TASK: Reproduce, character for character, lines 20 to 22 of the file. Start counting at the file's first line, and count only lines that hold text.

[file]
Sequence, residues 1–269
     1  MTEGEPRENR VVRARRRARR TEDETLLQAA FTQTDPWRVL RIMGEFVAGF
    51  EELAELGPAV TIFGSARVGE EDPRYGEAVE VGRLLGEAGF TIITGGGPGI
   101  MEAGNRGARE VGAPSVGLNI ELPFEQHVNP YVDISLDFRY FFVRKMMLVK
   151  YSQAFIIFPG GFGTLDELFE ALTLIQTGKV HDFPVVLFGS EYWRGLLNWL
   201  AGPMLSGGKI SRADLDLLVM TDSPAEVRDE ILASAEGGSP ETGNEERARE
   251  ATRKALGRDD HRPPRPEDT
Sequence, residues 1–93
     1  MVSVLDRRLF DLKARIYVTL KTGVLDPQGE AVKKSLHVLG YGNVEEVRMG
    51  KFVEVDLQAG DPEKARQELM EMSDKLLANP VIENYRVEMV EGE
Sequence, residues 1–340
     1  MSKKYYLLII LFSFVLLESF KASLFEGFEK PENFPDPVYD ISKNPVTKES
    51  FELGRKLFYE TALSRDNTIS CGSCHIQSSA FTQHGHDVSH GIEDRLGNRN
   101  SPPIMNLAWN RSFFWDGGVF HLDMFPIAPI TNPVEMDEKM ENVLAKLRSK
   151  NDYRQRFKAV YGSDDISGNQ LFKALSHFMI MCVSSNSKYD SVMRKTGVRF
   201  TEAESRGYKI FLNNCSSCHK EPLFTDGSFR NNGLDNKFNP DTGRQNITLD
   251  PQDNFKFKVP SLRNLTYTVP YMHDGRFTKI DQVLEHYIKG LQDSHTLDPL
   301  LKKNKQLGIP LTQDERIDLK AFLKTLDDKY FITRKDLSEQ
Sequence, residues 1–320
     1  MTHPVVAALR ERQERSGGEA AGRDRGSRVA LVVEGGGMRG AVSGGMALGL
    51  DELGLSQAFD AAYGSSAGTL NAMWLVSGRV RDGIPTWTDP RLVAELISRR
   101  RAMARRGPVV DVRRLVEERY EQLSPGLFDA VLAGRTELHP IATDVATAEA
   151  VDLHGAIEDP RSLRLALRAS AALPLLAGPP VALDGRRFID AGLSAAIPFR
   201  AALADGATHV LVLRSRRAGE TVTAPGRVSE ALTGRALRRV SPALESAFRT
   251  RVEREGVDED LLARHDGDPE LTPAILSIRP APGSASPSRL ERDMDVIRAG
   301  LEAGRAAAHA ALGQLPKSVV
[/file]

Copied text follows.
     1  MTHPVVAALR ERQERSGGEA AGRDRGSRVA LVVEGGGMRG AVSGGMALGL
    51  DELGLSQAFD AAYGSSAGTL NAMWLVSGRV RDGIPTWTDP RLVAELISRR
   101  RAMARRGPVV DVRRLVEERY EQLSPGLFDA VLAGRTELHP IATDVATAEA